Brewer agreed that the increased competition is definitely focused on benefit more than interest rate. 

“Homeowners are looking for the maximum available proceeds at the lowest acquisition cost, which are both functions of the interest rate,” Brewer said. “But we’re all pricing above the floor to some degree now, and the product and margin or interest rate has an impact on the total benefit available to the borrower.” 

Written by Maggie Callahan

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  • Charging an origination fee does in fact effect net proceeds despite what is said above. There are no magic rules, each loan is a fact and circumstances situation highly dependent it upon the terms and its resulting math.

    It is very clear today’s LIBOR and CMT index environments create a different interest rate environment when the floor is lowered by 2.5%. In the past the total expected interest rate was generally under 5.5% so making changes that raised it to the floor were not as meaningful as when any significant decrease in the expected interest rate will impact the margin and reduce closed loan revenues.

  • There is no doubt the changes made in October were major as far as effecting the industry adversely.

    I am surprised we have not had more action taken by NRMLA or AARP and other groups to appeal the ruling!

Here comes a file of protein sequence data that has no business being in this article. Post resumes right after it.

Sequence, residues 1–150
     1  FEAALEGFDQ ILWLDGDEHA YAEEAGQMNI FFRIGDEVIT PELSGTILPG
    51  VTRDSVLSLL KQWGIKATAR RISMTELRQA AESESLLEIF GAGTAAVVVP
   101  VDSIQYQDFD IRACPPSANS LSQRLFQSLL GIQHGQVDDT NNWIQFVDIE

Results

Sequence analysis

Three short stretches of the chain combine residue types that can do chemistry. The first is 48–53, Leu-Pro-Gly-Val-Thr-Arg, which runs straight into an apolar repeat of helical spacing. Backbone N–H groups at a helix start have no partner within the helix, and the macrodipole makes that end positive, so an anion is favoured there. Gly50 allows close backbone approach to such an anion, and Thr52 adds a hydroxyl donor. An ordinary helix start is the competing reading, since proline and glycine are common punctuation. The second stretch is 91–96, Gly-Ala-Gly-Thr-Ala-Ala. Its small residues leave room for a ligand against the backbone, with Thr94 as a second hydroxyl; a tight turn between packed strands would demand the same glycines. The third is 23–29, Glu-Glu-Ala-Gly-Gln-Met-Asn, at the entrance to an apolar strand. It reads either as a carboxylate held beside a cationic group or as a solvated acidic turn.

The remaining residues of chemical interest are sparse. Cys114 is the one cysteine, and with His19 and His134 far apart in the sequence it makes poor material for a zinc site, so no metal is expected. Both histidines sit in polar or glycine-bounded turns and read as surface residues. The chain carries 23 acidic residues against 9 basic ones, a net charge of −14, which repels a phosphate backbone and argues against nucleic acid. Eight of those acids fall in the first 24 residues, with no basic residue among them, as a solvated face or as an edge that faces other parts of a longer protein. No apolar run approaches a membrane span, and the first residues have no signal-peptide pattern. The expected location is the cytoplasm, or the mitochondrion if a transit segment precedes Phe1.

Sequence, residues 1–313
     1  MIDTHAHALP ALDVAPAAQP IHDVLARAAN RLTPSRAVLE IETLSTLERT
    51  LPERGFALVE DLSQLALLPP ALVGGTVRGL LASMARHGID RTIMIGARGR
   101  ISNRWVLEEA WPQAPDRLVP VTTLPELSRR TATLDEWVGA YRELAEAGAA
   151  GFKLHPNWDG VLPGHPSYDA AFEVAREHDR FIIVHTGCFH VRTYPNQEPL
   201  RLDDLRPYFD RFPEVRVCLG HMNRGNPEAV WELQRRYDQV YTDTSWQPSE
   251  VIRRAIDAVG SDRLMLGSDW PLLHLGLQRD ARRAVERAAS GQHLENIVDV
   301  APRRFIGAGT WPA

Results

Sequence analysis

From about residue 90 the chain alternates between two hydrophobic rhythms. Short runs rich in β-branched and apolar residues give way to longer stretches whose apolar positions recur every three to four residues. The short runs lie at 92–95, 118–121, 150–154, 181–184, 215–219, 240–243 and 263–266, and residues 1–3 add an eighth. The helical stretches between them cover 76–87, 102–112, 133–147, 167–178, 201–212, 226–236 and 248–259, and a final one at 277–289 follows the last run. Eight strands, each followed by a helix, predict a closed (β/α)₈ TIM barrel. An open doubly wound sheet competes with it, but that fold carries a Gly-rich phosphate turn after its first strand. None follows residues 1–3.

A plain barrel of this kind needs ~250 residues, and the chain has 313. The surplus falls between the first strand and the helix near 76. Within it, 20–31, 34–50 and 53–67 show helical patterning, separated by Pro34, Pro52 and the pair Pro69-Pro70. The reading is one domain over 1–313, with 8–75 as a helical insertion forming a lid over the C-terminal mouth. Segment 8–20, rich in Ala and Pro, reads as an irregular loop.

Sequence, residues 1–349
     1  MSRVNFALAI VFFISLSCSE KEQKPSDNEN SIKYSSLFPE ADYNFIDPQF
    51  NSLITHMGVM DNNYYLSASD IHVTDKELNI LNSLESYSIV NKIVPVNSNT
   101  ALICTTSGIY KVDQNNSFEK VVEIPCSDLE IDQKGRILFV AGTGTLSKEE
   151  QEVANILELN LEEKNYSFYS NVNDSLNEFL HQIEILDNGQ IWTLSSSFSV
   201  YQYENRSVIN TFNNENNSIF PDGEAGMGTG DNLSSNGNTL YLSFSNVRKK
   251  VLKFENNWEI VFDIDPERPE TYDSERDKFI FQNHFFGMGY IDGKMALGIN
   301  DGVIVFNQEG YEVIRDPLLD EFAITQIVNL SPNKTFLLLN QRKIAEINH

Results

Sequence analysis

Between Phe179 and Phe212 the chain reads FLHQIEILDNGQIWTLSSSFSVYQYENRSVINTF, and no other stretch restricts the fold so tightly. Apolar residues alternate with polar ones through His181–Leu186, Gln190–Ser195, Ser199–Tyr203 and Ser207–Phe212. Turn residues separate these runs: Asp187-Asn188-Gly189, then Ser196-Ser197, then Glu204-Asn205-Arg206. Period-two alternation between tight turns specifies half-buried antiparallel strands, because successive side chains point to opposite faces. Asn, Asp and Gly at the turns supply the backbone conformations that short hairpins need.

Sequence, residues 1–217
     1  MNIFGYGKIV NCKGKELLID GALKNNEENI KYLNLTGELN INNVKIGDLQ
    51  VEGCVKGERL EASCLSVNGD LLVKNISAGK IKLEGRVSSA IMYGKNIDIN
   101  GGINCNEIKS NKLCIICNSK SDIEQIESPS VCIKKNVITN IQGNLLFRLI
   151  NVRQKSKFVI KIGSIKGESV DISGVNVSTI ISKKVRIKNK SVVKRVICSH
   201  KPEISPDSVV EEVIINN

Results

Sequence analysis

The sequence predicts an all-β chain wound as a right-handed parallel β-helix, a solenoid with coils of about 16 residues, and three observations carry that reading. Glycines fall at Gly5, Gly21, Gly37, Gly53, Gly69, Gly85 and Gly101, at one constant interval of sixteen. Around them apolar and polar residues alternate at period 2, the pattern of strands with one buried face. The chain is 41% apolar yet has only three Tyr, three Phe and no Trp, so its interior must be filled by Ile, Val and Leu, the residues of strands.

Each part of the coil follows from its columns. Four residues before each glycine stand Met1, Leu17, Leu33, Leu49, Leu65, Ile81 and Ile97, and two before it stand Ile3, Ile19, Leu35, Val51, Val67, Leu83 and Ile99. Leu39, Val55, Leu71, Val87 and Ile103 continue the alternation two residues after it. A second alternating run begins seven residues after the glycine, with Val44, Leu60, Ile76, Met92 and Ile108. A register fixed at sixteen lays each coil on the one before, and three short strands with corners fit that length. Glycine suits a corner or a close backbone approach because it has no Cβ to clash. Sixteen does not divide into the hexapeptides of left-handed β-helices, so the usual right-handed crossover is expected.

Lowering the PLF/Floor had more impact than anything, on the borrowers and companies originating the HECM.

    As Jim Veal stated, “It is clear today’s LIBOR and CMT index environments create a different interest rate environment when the floor is lowered by 2.5%”. He is right on target with that statement.

    Forget the leveling off of the MIP to 2%, that was not the major factor, in fact, it really was not significant when you look at the previous procedure of 1/2% versus 2.5% if the 60% rule was exceeded.

    Then within the same ruling, they came back and lowered the annual MIP to 1/2% from 1.25%, this all balanced out in the end.

    We know what the real culprit is, that is why I said, in the beginning, “Why has there not been more action taken by NRMLA or AARP and other groups to appeal the ruling or at least the PLF portion”?

    The last point I want to make is that continually competing with one another is a loosing battle.

    To survive we as an industry need to learn how to deal with the professional sector, such as, financial planners, advisors, elder law attorneys, long term health care providers and others!

    Even small community banks and small credit unions. When you are able to create a relationship and bond with these professionals, their clients that come to you have a built in automatic trust for you! That simply means, they are not shopping you all over town!

    Trust is the number one important factor in our business, getting the senior to trust you and feel confident in you! If their attorney or financial planer or bank sends them to you, “Bingo, half the battle is won my friends!!

    John A. Smaldone